The journalistic discourse creates media sensitivities and specific communication situations, which are based on a logic and media practice, converging to the idea of actuality, “here and now”, of facts and events that must be staged for the public wishes to be constantly informed, unlike other types of discourse, in which the enunciating court wishes either to seduce the audience (political discourse) or to demonstrate a theory, using its own language (scientific discourse), or to bring into current facts and past events, kept in the archives of history (historical story discourse).

Media speeches are based on articulated enunciation and interaction styles that make up the “media communication contract”, unlike the other types of discourse presented by Charaudeau in his study.

The media is an important actor of the public space that actively participates in the symbolic building of issues of public interest. Journalists, by resorting to various discursive strategies, are the ones who give relevance to events, themes, problems for their community. Mass media are those who, under the aging set-up theory, have been able to impose issues of general interest to the public, which we must know at that moment, the problems that are discussed at that time so that our daily agenda is organized on social concerns.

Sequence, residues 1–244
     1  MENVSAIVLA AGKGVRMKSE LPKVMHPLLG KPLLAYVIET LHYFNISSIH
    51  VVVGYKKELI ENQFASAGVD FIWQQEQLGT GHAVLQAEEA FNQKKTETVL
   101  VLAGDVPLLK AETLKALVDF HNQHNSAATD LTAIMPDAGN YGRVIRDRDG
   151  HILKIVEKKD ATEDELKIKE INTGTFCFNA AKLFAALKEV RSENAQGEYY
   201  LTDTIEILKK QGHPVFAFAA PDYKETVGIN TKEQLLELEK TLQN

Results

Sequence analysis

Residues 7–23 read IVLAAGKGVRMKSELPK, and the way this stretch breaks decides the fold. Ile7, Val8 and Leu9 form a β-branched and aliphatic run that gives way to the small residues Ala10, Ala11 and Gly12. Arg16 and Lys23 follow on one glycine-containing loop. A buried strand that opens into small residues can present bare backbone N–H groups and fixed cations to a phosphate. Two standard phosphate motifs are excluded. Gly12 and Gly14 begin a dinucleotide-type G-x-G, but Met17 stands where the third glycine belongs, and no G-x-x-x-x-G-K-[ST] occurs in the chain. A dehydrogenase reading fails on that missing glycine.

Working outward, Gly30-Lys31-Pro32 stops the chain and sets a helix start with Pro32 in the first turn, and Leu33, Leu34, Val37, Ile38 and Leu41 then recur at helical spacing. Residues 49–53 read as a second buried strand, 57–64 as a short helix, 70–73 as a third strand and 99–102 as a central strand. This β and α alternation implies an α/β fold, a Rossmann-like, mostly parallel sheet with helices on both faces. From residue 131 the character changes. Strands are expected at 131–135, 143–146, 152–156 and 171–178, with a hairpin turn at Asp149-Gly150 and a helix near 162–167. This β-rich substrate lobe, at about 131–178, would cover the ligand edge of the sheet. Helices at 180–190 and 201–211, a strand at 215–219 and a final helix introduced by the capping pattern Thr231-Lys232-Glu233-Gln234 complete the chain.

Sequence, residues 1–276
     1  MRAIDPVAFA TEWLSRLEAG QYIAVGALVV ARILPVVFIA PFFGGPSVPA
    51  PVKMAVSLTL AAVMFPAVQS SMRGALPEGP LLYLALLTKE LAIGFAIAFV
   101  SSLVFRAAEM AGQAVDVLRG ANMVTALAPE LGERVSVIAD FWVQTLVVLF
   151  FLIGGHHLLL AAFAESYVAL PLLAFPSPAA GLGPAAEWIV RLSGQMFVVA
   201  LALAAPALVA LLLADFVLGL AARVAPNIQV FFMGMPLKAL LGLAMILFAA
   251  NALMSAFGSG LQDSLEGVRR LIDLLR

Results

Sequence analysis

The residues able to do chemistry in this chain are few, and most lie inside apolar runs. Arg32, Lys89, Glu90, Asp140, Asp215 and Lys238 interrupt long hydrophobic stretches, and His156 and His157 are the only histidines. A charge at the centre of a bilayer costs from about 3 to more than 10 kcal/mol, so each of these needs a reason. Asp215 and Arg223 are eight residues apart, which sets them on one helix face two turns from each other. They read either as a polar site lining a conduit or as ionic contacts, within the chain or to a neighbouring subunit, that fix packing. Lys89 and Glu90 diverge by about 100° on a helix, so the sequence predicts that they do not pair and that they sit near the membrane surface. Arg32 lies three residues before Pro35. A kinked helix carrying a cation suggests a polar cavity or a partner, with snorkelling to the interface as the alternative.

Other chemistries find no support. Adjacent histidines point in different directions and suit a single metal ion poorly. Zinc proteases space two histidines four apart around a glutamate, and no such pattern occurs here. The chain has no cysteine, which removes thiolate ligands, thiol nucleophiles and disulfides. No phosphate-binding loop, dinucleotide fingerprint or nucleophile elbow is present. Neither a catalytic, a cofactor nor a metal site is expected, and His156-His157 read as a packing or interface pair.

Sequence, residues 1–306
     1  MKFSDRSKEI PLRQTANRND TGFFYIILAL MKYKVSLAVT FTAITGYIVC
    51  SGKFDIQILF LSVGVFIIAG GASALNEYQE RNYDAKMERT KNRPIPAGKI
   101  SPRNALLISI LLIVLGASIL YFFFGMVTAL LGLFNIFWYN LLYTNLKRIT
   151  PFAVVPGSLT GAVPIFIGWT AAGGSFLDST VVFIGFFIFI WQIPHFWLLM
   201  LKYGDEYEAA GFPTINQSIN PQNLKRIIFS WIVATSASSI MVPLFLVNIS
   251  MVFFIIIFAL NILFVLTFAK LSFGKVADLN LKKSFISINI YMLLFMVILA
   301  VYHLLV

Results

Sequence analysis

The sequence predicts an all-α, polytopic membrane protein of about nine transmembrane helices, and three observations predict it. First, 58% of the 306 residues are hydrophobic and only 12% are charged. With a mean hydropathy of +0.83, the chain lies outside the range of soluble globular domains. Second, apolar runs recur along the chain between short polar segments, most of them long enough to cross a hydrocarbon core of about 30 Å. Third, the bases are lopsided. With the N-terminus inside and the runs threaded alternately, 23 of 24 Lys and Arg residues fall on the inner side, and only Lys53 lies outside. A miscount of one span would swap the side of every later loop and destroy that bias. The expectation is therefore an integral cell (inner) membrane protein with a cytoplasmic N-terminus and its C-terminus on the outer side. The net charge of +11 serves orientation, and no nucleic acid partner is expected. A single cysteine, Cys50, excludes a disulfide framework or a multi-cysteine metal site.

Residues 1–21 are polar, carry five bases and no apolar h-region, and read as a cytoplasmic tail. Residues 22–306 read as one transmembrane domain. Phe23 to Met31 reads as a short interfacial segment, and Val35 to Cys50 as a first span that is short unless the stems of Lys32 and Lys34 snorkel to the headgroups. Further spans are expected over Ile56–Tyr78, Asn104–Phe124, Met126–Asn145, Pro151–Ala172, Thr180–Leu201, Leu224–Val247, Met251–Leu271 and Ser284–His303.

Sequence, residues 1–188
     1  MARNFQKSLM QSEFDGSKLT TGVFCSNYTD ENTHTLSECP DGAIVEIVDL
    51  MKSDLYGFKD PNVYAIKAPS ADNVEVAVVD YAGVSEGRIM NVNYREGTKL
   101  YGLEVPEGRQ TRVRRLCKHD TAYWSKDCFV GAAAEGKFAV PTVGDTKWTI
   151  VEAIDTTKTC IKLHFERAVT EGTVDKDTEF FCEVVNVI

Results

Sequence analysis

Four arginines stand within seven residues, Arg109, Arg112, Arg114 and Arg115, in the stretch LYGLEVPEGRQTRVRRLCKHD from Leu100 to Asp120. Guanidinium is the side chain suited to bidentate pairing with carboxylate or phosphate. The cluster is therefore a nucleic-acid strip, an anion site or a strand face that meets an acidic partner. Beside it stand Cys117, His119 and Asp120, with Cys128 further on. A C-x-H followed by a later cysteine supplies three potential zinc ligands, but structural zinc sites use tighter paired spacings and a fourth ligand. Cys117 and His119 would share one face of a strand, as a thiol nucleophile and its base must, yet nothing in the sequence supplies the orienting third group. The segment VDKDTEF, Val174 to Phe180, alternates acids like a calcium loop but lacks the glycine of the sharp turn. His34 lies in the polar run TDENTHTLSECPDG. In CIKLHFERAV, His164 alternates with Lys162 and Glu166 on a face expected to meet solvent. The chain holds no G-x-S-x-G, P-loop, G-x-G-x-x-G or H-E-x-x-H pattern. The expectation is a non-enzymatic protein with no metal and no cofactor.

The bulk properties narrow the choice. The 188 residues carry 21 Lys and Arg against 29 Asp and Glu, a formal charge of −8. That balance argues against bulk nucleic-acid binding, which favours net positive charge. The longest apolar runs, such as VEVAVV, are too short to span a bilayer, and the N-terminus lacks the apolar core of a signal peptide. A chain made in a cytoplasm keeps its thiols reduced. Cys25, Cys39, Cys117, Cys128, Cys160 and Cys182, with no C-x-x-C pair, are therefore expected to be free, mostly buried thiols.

The media discourse operates as a social narrative that updates specific mediation phenomena, such as linguistic transposition operations (schematization, selection, determination, modulation), a mediating court (witness, expert, moderator, politician etc.) communicative intentionality (argumentation, explanation, clarification, narration, etc.) (Soulages, 1999 apud Roventa-Frumuşani, 2004, p. 120).

For Charaudeau4, media discourse is part of a composite production court, which includes various actors, each with well-defined roles. At the same time, this court is defined globally by five types of roles that are embedded in each other: a) the person seeking the information, which may be field correspondents, special dispatches, etc.; b) the person providing the information, selecting them according to the journalistic criteria; c) the person transmitting the information; d) who comments on the information, producing an explanatory media discourse, trying to establish cause and effect relationships between events; e) the one that provokes debates aimed at confronting views of different social actors.